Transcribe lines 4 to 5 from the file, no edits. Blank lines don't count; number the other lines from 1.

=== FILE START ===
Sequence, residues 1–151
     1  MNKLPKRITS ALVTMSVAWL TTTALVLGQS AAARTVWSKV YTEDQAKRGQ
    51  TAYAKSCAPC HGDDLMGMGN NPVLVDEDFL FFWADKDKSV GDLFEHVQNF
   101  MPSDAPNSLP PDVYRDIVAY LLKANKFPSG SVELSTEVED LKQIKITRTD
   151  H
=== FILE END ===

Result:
   101  MPSDAPNSLP PDVYRDIVAY LLKANKFPSG SVELSTEVED LKQIKITRTD
   151  H